1) Set time limits on overall online time.
2) Limit Facebook time.
3) Limit MySpace time. (Or Instagram time.)
4) Resist making or adding to lists that rank people.
5) Share one spiritual video with your online network once a week.
6) Blog about the poor once a week.
7) Add a spiritual blog to your blog reader.
8) Subscribe to a prayer podcast like Pray As You Go or Pray Station Portable.
9) Leave an encouraging or positive comment on a different blog each day.
10) Help a new blogger by sending traffic their way.
For those who need to be grateful:
1) Each week, write a letter of thanks to a different member of the clergy, beginning with your bishop and parish priest.
2) Each week, write a thank-you note to your parents.
3) Write a poem of praise for each person in your family.
4) Get a stack of Sticky Notes and write one sentence of thanks each day and stick it to the bedroom door of each person in your family, so that by Easter they each have 40 notes.
5) Find psalms of thanksgiving or praise in the Bible and pray them.
6) Write a list of the ways God has blessed you, and add to it each day. This could be done in a notebook or on a big poster hanging on your wall.
7) At dinner each evening, ask your family to share one thing for which they are grateful.
8) Make a CD or iPod playlist of praise and worship music and listen to it each day.
9) Make a point of saying “thank you” a certain number of times per day.
10) Help your children write thank-you letters to their teachers.
For those with lives out of balance:
1) Go for a walk each day with a loved one and talk about life and faith.
2) Take the kids to the park each week for some carefree time.
3) Give up fast food and give the money to charity.
4) Exercise each day.
5) Spend at least half an hour each day in meaningful conversation with your spouse.
6) Go on a Lenten retreat.
7) Pray with Sacred Space each day.
8) Commit to a daily three-minute retreat.
9) Begin the online 34-week Retreat for Everyday Life.
10) Give up your most unhealthy habit.
For spiritual nourishment:
1) Read the documents of Vatican II, especially Gaudium et Spes.
2) Read the Catechism of the Catholic Church or The United States Catholic Catechism for Adults.
3) Sign up for adult formation classes at a local parish.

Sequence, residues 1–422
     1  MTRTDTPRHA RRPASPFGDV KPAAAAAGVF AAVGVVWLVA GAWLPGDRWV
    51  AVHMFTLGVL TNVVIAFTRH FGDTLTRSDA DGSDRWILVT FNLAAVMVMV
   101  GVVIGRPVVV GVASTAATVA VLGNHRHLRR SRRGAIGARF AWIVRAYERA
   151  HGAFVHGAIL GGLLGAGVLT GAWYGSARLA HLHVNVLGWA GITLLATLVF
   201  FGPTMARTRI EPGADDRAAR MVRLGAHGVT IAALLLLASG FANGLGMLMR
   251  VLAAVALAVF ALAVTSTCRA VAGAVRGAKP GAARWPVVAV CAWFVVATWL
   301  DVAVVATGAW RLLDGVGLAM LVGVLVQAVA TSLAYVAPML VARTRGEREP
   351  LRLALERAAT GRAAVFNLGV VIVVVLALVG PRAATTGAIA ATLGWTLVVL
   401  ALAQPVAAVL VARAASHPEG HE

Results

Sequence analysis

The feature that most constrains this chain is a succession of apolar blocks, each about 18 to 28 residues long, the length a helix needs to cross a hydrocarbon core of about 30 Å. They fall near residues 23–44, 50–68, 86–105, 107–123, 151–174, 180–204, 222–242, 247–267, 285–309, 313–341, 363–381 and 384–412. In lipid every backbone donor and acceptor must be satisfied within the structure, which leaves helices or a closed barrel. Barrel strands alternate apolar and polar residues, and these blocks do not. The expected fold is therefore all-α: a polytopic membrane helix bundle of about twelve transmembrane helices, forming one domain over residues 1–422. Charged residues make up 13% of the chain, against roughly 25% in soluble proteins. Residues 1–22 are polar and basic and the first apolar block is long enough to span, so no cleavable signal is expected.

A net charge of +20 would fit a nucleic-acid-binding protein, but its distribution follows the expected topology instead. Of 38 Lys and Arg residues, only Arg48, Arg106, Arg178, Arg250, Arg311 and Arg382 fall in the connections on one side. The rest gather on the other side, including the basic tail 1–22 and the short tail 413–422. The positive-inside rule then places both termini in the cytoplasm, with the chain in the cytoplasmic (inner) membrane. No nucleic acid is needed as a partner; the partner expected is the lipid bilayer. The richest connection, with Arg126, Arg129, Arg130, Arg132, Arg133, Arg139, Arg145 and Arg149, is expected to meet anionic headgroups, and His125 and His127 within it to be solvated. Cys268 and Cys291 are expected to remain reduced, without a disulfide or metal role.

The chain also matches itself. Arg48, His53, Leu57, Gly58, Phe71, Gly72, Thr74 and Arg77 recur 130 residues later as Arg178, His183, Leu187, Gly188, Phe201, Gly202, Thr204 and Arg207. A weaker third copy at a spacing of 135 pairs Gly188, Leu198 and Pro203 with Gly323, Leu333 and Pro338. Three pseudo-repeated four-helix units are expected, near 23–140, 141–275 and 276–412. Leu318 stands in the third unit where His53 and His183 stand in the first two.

4) Join a Bible study.
5) Attend Stations of the Cross at a local parish.
6) Find a spiritual director.
7) Read “The Imitation of Christ.”
8) Listen to a free Catholic audio book from Maria Lectrix.
9) Read “Introduction to the Devout Life.”
10) Read a spiritual autobiography (i.e. Augustine’s Confessions, “Story of a Soul,” “Journal of a Soul,” “Witness to Hope”)
To increase service to the needy:
1) Volunteer at a soup kitchen or other food program.
2) Coordinate a food drive at your parish, school or place of employment.
3) Find out who in your parish is sick and offer to visit them or bring them food.
4) Call your local Catholic Charities office and volunteer.
5) Visit a nursing home.
6) Help an elderly or disabled person in your neighborhood with yard work or other difficult chores.
7) Be a hospital volunteer.
8) Get involved in a prison ministry.
9) Coordinate a clothing drive.
10) Make rosaries and give them away.
To be more active in your parish:
1) Volunteer to be a lector.
2) Volunteer to be an extraordinary minister of the Eucharist.
3) Volunteer to help the parish youth group.
4) After each Mass, stay awhile and introduce yourself to someone you don’t know.
5) Join the Knights of Columbus.
6) Offer to be a Confirmation sponsor.
7) Volunteer to be an usher.
8) Offer to help with funeral dinners.
9) Help with the RCIA program.
10) Volunteer to do lawn work, cleaning or other needed maintenance for the parish.
1) Receive the Sacrament of Penance weekly.
2) Give up foul language.
3) Give up gossiping.
4) Read and study “Healing the Culture.”
5) Study the life of a different saint each day.
6) Cook dinner each night for your family if someone else normally does it.
7) Pray the “Chaplet of the Divine Mercy.”
8) Bring extra food in your car, purse or backpack to give to street-corner beggars.
9) Begin practicing socially conscious investing.
10) Spend a week meditating on each of the seven principles of Catholic social teaching.
11) Prepare breakfast each morning for your family.